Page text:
Last year, I spent a bit of time browsing through official biographies of different candidates online and thought that they sounded too impersonal, too distant. Here’s an attempt at changing the tone of this introduction without sounding too self-serving. Make no mistake, I realize that this forms part of my job application for 2010. The least I can do is to tell you of who I am, how I’ve served this country, and what kind of decisions I’ll be making should I get elected in 2010.
On a personal level (and to break the ice a little bit), here are some tidbits of myself that you won’t find anywhere else. For one thing, I consider myself a bit of a gadget aficionado. I like tinkering with my laptop, my cellphones, among many other things. I now have over 30GB worth of songs in my iPod – most of them copied from my old CDs.
Back when I still had time to watch TV, my favorites were CSI (New York and Las Vegas), the West Wing, and the Sopranos. Hmm, what else? Food? My favorite is KFC. Oh and I eat leche flan with rice. Some people – particularly my wife and my son – find this odd. I think it’s delicious.
Now that we’ve gone over the basics, I guess I’ll continue by introducing my family. My grandfather was the first President of the Republic after we regained our independence. My parents were two of the fiercest critics of the martial law regime in the seventies. Despite this political background, it was because of my brother that I entered public service.
Dinggoy Roxas died of cancer at a very early age. He was the real politician, the real successor of my family’s heritage of serving the people. I was his campaign manager when he ran as a congressman so many years ago. When he won, I went back to my work as an investment banker. Happy. Content. It was in 1993 when we found out that he was dying. This is still a very painful experience that I will not talk about too much. Needless to say, I went back to the Philippines to be with him for what was going to be the last three months of his life. One night on his deathbed he asked me: “why can I afford to buy medicines, while they [the people] can’t?” This was a simple question but it changed my life. I entered politics after his death.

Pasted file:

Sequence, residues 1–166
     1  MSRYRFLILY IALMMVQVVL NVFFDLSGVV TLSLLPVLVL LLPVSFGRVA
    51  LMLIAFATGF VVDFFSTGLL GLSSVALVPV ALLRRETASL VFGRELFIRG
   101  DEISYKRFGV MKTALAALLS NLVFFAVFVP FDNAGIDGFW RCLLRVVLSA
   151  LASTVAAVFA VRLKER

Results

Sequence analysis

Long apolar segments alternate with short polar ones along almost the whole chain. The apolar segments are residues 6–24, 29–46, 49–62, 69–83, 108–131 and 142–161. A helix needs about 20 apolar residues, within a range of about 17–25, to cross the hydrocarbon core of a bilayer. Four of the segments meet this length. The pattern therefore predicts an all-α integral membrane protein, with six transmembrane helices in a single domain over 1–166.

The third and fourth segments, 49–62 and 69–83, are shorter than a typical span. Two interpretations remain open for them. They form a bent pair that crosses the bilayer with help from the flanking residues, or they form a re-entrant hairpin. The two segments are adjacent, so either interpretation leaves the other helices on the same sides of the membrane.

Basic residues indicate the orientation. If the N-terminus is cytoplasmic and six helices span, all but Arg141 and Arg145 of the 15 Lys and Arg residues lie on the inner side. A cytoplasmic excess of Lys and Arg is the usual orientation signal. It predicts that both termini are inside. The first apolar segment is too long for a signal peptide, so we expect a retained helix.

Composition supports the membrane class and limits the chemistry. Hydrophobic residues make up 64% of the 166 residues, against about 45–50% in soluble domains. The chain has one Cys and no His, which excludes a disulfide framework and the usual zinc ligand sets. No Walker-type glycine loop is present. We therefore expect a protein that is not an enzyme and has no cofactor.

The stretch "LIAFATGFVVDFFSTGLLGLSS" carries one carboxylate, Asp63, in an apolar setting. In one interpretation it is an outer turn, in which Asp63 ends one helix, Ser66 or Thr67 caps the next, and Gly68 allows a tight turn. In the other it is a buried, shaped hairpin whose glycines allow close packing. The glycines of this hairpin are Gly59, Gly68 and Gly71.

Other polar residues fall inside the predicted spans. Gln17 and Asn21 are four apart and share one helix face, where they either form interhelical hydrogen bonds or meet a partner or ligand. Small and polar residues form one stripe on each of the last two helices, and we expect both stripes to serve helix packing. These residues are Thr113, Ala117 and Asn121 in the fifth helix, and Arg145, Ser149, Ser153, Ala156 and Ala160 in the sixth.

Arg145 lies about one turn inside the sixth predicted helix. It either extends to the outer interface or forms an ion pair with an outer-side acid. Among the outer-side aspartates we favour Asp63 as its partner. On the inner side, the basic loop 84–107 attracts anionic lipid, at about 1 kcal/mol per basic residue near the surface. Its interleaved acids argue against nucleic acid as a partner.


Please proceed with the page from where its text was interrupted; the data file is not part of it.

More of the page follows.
As a congressman, my job was to make laws and ensure that the good ones got passed. Education was then, as it is now, a priority. And of all the laws that we passed, I’m particularly proud of having been part of the enactment of the Roxas Law. This ensures a fairer distribution of the education budget in all provinces – freeing the sector, at least, from patronage politics and providing a more efficient process of addressing classroom and teacher shortages.
As a former Secretary of the Department of Trade and Industry, laying the groundwork for the BPO industry and espousing ‘palengkenomics’ were among the things I focused on. The philosophy, if you can call it that, is simple: since the market is the heart of local life – it being able to supply food and provide jobs – it should be enhanced as an institution and should be made more efficient. There is still much to be done to achieve this.
As a senator, some of the laws I helped pass were the Magna Carta for MSMEs (micro, small, and medium enterprises), the income tax exemption of minimum wage earners, and the establishment of a public fund from a portion of the EVAT to be used for education and healthcare. But of all these laws, what I am most proud of is the enactment of Cheaper Medicines Act. Making this law a reality was a personal mission. It was like hearing my brother’s voice all over again. And I’ll be damned if I let this administration ruin its implementation for the sake of appeasing the pharmaceutical companies.
As a candidate, well, I won’t give you a five or thirteen-point program in making this country great again. Instead, I will tell you of what we do need as a people… and this is simply what I like to call an activist government.
It’s no secret that this administration lacks many things… but the most important factors are accountability, transparency, meritocracy, professionalism and the independence of enforcement agencies.
Because of corruption and the lack of the qualities mentioned above, the people no longer trust this government, the people no longer trust its leaders. Restoring this trust should be the starting point of the government that will lead this nation after May 2010.
My promise, therefore, dear reader, is simple: I will not abuse the trust already given. And I will not betray this trust if ever its given again.
Thank you for reading.
In the 2004 senatorial elections, Mar received nearly 20 million votes. The highest mandate ever received by a national candidate in the country to date. To see a complete list of his achievements, including projects done and laws authored, as a Congressman, as a cabinet secretary, and as a Senator, please click here.